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By Andrew SteeleStar Managing Editor

CROWN POINT — Threats from one high school student against another two weeks ago led to rumors of violence and retaliation early last week, and finally to 48 hours of intense police scrutiny from Tuesday evening through Thursday at Crown Point High School.
   About three-quarters of high school students did not attend school Wednesday, the day rumored for violence. The night before, May 12, police and a bomb-sniffing dog searched the school. Officers checked students coming into the school Wednesday and Thursday mornings.
   “We didn’t want anybody bringing any kind of weapon or anything else into (the school) to protect themselves,” Police Chief Michael Valsi said.
   Valsi said a 15-year-old Winfield resident made the initial threat of violence. That student has been charged with intimidation and is no longer in school. His family withdrew him from school.
   Police kept watch over the student last week, Valsi said.
   Last month’s killings in Littleton, Colo., heightened the concerns of police, school officials, students and parents, leading to absences of about 1,500 students at the high school Wednesday despite official assurances the building was safe.
   “Our people working the schools were on top of it,” Valsi said adding, “the school’s people were too.”
   Tuesday evening’s bomb search included 10 to 15 police officers and a bomb-sniffing dog brought in from the Elkhart area, Valsi said.On Wednesday, 17 officers monitored the high school’s entrance, checking students with hand-held metal detectors and searching backpacks.
   Nothing illegal was found during the searches.
   Valsi said police will maintain an increased presence at the high school and Taft Middle School the rest of the school year, although he has “no specific concerns” about student safety.
   Officers will also do “walk-throughs” at elementary schools to keep contact with teachers and principals, Valsi said, “just to make people feel safe.”
By Andrew SteeleStar Managing Editor

USA Waste Services-Hickory Hills has followed through on its threat to sue Lake County for allegedly violating a contractual obligation to support development of a landfill in Eagle Creek Township.
   The company, a subsidiary of Waste Management, filed a $200 million lawsuit in federal court on May 13 claiming damages resulting from costs USA Waste has incurred preparing for the new landfill and for the profits it would have earned operating the landfill.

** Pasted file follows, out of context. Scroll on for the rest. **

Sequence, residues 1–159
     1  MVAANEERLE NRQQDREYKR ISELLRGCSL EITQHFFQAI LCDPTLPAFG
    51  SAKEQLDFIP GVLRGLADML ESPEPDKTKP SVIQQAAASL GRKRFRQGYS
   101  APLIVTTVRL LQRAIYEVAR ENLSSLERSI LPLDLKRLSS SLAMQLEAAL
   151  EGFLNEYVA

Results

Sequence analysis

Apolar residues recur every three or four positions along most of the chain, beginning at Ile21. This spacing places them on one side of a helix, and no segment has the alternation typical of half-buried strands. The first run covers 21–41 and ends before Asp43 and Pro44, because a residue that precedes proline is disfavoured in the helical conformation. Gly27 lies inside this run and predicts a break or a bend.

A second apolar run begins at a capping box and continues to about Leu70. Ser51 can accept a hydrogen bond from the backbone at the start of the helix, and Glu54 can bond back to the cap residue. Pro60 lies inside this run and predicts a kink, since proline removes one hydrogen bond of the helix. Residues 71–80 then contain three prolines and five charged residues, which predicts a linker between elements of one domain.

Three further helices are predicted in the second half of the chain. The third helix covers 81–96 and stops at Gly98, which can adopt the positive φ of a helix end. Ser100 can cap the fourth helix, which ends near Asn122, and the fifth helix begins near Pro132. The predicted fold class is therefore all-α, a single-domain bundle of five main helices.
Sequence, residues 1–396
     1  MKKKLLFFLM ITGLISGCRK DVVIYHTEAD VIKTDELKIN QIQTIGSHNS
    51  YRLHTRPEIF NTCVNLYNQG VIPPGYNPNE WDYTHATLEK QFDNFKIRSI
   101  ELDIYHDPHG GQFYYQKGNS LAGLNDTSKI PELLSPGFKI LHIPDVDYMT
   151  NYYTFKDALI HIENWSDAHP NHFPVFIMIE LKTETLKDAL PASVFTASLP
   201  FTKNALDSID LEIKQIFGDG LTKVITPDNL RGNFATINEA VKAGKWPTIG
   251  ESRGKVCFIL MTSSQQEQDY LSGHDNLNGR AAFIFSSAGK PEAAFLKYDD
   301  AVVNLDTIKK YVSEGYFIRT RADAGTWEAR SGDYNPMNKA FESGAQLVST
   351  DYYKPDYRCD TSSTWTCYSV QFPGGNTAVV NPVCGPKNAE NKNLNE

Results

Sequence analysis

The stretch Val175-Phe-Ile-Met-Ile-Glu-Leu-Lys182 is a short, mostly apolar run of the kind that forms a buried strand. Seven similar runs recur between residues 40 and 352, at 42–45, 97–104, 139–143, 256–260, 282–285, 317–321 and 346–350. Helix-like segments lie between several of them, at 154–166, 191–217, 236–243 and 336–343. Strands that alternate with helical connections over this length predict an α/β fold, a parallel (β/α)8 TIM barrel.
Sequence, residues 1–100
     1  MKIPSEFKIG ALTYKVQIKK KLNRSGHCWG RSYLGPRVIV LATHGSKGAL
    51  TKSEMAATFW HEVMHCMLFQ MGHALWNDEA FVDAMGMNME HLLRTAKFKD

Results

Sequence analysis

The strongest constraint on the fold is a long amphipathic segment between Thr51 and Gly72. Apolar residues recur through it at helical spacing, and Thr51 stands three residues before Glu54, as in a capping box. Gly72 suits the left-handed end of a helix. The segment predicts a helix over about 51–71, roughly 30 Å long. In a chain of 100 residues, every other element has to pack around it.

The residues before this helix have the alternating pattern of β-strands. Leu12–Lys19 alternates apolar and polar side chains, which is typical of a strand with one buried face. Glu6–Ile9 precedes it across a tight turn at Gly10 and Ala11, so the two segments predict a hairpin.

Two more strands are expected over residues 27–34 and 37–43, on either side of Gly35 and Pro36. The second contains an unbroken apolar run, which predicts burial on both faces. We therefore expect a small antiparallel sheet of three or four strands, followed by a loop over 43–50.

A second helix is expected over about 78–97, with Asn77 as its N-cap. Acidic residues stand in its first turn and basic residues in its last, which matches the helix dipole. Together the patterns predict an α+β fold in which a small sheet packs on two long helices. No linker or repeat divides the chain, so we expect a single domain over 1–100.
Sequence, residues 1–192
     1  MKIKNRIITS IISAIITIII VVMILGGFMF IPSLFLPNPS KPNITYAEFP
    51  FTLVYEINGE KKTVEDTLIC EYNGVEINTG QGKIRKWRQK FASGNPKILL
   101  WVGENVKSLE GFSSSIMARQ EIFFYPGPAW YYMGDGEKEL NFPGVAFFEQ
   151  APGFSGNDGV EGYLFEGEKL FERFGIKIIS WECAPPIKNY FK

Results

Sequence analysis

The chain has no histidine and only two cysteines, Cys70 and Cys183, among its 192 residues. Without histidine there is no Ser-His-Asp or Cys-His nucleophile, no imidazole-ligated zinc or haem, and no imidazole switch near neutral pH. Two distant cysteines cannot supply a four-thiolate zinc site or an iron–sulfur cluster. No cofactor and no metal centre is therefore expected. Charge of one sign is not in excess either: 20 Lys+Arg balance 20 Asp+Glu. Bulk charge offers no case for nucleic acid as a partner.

The lawsuit is based on a provision in the 1996 landfill contract requiring the Lake County Solid Waste Management District to support USA Waste’s efforts to acquire the necessary permits and approvals to put a landfill in south Lake County.
   “Our agreement was very clear,” said Dean Vander Baan, regional vice president of Waste Management. “It required the district to fully support our efforts to obtain all necessary permits and governmental approvals for the Hickory Hills landfill. ...It also required the district to support our efforts to demonstrate to the state the need for the facility. In the end, they did neither.”
   USA Waste claims that actions taken by the waste district over the course of the past year violate the contract. Those actions include rescision of the landfill contract and amendment of the district’s 20-year waste disposal plan to say there is no need for a landfill in Lake County.
   The waste district’s actions contributed to a November decision by the Indiana Department of Environmental Management to deny a permit for the proposed landfill.
  But members of the waste board majority who voted for those measures say they do not violate any contractual obligations.
   Rescision of the contract came last summer after IDEM announced it would not permit a landfill the size called for in the contract.
   Lowell Town Councilman Ray Raszewski made the motion to rescind the landfill contract on the basis that IDEM’s decision had essentially nullified it. The contract had set levels for the amount of trash accepted, maximum fees and payments to various governmental agencies. The IDEM decision upset this balance, Raszewski said.
   As for the vote claiming Lake County does not need a new landfill of any size, board members say that fact is independent of the contract.
   “We have supported the contract,” Mayor James Metros said. “We’re just saying we don’t need a landfill.”
   A last chance to avoid court was rejected by the board April 15 when it turned down a proposed settlement that would have allowed a smaller Eagle Creek Township landfill.
   “This thing’s going to end up in court for several years,” Metros said. He said a settlement is still possible, but only if the waste district’s attorneys tell board members they can’t win the court case.
   But currently, “our attorneys say we’re on solid legal ground,” he said.
   Landfill opponents also claim the $200 million figure is exorbitant.
   “That’s just a figure they’re pulling out of the air,” Metros said.
   He said the landfill company has invested about $6 million in the project.
   Raszewski said he would support paying the $6 million amount, but added that he sees no way a jury would award damages based on speculation about how much money in profits Waste Management might have made on the landfill.
   If the county were ordered to pay the full amount, residential property owners with an assessed valuation of $10,000 would pay around $60 a year if the payments were financed over a 10-year period.



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